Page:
Wednesday, May 27, 2009

NHS criticised by Harley Street doctor for 'missing Jade Goody's cancer diagnosis'

A Harley Street consultant who treated Jade Goody has attacked the NHS for allegedly failing to spot her cancer earlier. Jade Goody died in her sleep at home on Mother's Day

Dr Ann Coxon, a doctor introduced to Goody last year was said to be "very angry" over an alleged failure to spot her illness earlier. Dr Coxon will speak in the E4 documentary Jade: As Seen On TV to be broadcast on Thursday night, according to Max Clifford, her publicist.

He said "Her doctor was very upset and very angry with the way the NHS looked after her and failed to diagnose the cancer that was growing for such a long time," he said. Goody, who died on Mother's Day earlier this year, was given a diagnosis of cervical cancer while taking part in the Indian version of Celebrity Big Brother last August.

The mother-of-two and former dental nurse, who was originally from Bermondsey, south London, first came into the public spotlight in 2002 when she appeared in the third series of the Channel 4 reality programme Big Brother.

In an interview in September, Goody said she had no plans to sue the NHS hospital she claimed was late in diagnosing her illness. "They (the hospital) should have actually spotted that there was something wrong a long time ago," she said. "I don't hate them, I'm not angry with them. Sorry - I don't hate them, I don't want to start suing them or stuff like that, because personally I don't think it's morally right to sue an NHS hospital. "All that's gonna do is take more money out of it and then more people are gonna suffer." She added: "I just think: it's not going to get my womb back, it's not going to get my health back. So what's the point?"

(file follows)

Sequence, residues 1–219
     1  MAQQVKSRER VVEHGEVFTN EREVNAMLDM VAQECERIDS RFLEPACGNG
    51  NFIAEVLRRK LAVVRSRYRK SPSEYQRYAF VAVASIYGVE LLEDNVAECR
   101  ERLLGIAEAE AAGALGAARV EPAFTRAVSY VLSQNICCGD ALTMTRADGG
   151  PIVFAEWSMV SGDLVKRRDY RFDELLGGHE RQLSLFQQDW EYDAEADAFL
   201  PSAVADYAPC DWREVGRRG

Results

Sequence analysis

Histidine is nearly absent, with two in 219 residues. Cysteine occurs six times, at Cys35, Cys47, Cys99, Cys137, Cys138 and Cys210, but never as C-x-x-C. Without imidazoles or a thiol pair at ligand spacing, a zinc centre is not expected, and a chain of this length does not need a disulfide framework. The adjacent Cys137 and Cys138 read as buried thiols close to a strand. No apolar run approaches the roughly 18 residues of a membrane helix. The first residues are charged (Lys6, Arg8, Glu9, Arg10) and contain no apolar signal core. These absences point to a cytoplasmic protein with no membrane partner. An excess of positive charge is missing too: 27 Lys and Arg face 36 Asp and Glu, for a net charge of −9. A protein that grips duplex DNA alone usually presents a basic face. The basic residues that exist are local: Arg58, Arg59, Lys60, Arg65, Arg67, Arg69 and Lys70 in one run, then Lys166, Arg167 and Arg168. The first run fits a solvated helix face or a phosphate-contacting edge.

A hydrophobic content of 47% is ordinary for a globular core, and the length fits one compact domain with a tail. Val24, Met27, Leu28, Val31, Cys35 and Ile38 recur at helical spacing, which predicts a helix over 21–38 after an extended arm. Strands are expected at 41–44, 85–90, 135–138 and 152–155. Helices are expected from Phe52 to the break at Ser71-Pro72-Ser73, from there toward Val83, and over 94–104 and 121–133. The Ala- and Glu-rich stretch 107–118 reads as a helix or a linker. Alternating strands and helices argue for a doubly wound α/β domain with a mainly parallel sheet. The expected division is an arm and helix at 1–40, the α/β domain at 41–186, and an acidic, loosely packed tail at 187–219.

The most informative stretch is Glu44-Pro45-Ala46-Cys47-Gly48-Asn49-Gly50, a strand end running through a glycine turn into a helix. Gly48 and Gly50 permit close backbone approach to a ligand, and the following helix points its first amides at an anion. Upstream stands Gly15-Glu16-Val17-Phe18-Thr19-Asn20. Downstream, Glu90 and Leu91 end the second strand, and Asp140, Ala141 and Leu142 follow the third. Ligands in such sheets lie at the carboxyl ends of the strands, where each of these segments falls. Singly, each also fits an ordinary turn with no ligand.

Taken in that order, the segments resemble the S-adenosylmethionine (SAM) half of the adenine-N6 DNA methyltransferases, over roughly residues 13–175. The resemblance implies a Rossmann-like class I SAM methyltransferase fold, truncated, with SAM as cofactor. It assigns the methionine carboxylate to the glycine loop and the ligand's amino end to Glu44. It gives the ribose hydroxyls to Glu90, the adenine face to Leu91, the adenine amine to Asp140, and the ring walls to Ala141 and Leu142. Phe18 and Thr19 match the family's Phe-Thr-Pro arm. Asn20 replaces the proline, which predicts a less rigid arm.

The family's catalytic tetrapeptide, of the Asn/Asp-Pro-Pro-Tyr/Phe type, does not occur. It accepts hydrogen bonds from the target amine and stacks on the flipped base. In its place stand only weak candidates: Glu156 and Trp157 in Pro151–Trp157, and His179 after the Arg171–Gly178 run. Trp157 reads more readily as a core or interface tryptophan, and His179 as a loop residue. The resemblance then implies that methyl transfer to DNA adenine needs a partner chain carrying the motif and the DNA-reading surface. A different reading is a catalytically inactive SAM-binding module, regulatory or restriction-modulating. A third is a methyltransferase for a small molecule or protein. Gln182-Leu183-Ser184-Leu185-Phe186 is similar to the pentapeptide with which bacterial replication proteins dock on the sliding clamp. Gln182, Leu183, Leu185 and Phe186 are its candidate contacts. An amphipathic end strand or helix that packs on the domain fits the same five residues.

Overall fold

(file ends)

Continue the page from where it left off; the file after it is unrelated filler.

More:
Australia: NSW government hospital chaos as man lay dying

An inquiry has been launched into how a patient died while one of the nation's most experienced emergency doctors was in a nearby office and junior doctors attended a training session and were not available to help clear the crowded emergency department.

Distressed nurses at the Prince of Wales Hospital, Randwick, told the Herald they pleaded for registrars attending an educational talk to help them after the department reached capacity last week, with all beds full, 23 people waiting to be seen and 11 ambulances in the waiting bay. They say the doctors were not available, forcing them to beg the department head, Sally McCarthy, to put the hospital on "code yellow" to stop more ambulances arriving.

The nurses also claim Dr McCarthy, who is the president of the Australasian College for Emergency Medicine, was not available and could not leave her office immediately. [No doubt she had a lot of important paperwork to do] The elderly man, thought to be dehydrated and suffering a severe infection, had arrived conscious at about 3.30pm last Wednesday, but given the busy state of the emergency department he had to wait "some time" in the bay and later became unresponsive, nurses said. He could not be resuscitated.

But the hospital's general manager, Andrew Bernard, yesterday disputed the nurses' claims, saying the man had left the bay and had undergone blood tests and cardiac monitoring before dying 2½ hours later. Dr McCarthy has refused to comment.

There is no suggestion the man would have survived if the department had not been busy, but nurses who contacted the Herald said they felt traumatised. "Several nurses contacted us and all were very distressed," the general secretary of the NSW Nurses Association, Brett Holmes, said yesterday.

An investigation into the incident has been ordered by the hospital. A spokesman for the Ambulance Service said no more than seven ambulances should have been at the hospital at the time.


1 comment:

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